Still, the U.S. domestic economy is improving, and it would take a more-substantial stock-market decline for the Federal Reserve to reconsider the plan it signaled in December to keep cutting monthly asset purchases from an original $85 billion a month.
“Our central expectation is while U.S. markets could take a temporary hit, the shock will not be a major one for the U.S. economy,” Slok said.
The S&P 500 is down 3.6 percent since Dec. 31 after rising about 30 percent last year. GDP grew at a 4.1 percent annual pace in the third quarter after expanding 1.1 percent and 2.5 percent in the first and second.
Cornerstone Macro LP also isn’t expecting the Fed to respond to recent market volatility -- which some investors say the central bank’s policies have exacerbated. Cornerstone economists told clients yesterday the Fed will continue slowing its quantitative easing after the Federal Open Market Committee meeting this week, partly because officials ignore short-term market fluctuations and don’t yet see a full-blown emerging-market meltdown on the horizon.
“There is a big difference between isolated severe difficulties and a widespread crisis: The former don’t change the outlook for the U.S. economy much, while the latter does,” Cornerstone said. “For now, the Fed most likely thinks we are in the former situation, so no course change is warranted.”
Similarly, Europe’s recovery likely would be impaired only if a pervasive slowdown took hold in emerging markets, Nomura’s Cailloux said. That’s even though the 18-country euro bloc has been lifted by developing-nation demand in the last few years.
Nomura’s calculations show that a protracted slump in Argentina, Brazil, Venezuela and Turkey would knock about 0.1 percentage point off euro-area growth, given they account for about 3 percent of the region’s exports. Spain may be in greater jeopardy because of its closer trade and banking ties with Latin America.
“There’s no particular reason that Europe should be affected by the problems encountered by a small number of countries,” Bank of France Governor Christian Noyer said yesterday.
Marcussen of Societe Generale cautions there still are reasons to worry about the outlook for emerging nations, even though they now boast more flexible currencies, stronger trade positions, larger reserves and more-developed markets than in previous decades.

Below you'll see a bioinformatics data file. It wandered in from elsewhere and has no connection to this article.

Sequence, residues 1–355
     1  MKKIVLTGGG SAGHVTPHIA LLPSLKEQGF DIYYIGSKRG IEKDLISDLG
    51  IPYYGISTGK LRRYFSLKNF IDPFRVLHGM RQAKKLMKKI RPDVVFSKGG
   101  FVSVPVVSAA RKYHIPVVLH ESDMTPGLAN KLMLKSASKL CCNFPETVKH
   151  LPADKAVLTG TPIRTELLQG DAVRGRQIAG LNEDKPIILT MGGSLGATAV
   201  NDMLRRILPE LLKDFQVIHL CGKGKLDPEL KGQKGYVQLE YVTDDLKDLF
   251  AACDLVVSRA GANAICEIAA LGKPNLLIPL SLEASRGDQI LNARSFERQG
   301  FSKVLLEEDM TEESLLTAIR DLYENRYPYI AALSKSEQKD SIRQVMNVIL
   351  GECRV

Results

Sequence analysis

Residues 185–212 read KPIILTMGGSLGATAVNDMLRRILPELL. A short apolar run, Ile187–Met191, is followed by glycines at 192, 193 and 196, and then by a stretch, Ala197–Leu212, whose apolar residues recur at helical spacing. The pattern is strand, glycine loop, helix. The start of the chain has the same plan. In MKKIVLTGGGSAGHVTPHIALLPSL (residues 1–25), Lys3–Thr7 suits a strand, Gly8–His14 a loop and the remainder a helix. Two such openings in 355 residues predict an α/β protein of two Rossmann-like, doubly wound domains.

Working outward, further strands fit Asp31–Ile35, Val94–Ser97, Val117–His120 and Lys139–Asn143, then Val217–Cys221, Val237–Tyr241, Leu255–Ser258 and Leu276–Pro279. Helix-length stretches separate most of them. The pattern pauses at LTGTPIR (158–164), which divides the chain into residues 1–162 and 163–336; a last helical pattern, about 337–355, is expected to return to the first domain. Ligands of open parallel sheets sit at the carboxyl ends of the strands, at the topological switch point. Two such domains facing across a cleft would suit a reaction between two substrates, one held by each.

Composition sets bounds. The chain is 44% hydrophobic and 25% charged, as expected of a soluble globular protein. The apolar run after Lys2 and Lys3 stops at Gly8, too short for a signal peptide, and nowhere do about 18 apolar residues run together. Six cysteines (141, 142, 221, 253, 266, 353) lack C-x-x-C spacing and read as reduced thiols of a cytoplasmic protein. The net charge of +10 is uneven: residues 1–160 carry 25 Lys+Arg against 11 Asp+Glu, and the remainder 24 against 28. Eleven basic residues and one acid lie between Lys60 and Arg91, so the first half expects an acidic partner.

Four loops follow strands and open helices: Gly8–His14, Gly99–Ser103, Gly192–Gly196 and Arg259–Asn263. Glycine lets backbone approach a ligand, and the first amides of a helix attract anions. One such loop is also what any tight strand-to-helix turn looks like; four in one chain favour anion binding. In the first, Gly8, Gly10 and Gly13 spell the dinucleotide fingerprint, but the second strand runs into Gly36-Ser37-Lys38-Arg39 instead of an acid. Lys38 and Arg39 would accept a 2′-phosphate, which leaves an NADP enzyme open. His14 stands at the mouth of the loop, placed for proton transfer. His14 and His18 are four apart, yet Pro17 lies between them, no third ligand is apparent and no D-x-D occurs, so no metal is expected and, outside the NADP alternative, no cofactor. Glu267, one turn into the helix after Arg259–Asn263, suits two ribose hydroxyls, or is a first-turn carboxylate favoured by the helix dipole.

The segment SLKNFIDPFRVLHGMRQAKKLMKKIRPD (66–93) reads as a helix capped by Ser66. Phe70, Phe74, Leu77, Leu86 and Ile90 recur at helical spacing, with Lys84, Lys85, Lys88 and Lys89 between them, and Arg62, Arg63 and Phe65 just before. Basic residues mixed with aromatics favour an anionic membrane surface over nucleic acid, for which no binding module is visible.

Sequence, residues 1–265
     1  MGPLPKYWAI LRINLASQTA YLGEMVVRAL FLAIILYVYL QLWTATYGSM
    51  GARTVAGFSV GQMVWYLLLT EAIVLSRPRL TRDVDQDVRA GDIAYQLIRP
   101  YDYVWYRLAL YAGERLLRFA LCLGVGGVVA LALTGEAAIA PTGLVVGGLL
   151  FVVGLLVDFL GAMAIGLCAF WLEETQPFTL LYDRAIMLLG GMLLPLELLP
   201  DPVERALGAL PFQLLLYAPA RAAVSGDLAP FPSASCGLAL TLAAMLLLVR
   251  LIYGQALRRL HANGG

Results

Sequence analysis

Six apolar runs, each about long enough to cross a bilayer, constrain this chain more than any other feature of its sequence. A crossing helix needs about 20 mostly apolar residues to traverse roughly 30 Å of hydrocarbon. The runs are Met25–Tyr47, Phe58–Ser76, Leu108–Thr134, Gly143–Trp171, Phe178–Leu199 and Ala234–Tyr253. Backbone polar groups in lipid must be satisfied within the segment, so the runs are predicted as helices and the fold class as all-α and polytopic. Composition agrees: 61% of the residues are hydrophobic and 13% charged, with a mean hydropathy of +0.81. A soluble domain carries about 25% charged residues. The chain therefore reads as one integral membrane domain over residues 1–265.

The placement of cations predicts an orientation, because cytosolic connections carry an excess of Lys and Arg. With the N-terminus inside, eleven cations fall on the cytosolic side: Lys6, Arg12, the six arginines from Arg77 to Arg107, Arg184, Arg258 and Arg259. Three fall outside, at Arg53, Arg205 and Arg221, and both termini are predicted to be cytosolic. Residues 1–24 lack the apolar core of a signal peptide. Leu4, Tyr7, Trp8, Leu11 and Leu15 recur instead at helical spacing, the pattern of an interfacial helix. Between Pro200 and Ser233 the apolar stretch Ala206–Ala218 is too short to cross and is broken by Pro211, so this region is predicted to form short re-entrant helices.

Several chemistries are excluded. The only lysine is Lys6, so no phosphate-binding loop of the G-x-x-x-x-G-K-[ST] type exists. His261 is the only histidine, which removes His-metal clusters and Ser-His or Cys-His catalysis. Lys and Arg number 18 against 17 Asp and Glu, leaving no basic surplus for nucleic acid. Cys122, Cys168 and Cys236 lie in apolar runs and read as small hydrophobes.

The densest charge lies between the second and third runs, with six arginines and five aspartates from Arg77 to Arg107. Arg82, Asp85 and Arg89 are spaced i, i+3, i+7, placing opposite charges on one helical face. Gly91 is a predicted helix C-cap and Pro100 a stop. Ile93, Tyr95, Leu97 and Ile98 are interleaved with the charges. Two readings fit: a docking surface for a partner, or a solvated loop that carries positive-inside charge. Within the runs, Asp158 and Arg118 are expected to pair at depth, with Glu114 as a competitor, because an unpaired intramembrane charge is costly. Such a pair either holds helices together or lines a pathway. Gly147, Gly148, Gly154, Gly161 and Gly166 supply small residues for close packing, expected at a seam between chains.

China’s economy is the world’s second largest, and its share of global GDP has jumped to 14 percent from 4 percent in two decades, she said. That’s a problem if it struggles to refocus demand toward domestic sources, especially after a report last week showed manufacturing may contract for the first time in six months.
Large imbalances and poor policy choices that drove past crises also are prevalent in Argentina, Venezuela, Chile, Peru, South Africa, Ukraine, Turkey and Thailand, she said. Add Brazil, Indonesia, India and Russia, which have weak spots, and 13 percent of global GDP is in question, according to Marcussen.
The outlook ultimately may pivot on how China fares, said Frederic Neumann, co-head of Asian economics research in Hong Kong at HSBC Holdings Plc. The government is implementing the biggest policy shifts since the 1990s and tackling debt-fueled investment in a bid to generate more manageable growth based on local rather than international demand.
HSBC still anticipates expansion of 7.4 percent there this year after 2013’s 7.7 percent, adding the equivalent of Switzerland or two Malaysias to the world economy.
While commodity producers such as Australia and Indonesia may be hurt if China weakens more, the country has a current-account surplus and exchange reserves to prop itself up and prevent a dive in the yuan.
“A sudden jolt would hurt,” Neumann said. “A gradual slowdown, by contrast, might leave global growth little interrupted. Thankfully, Chinese officials retain powerful tools to steer the process.”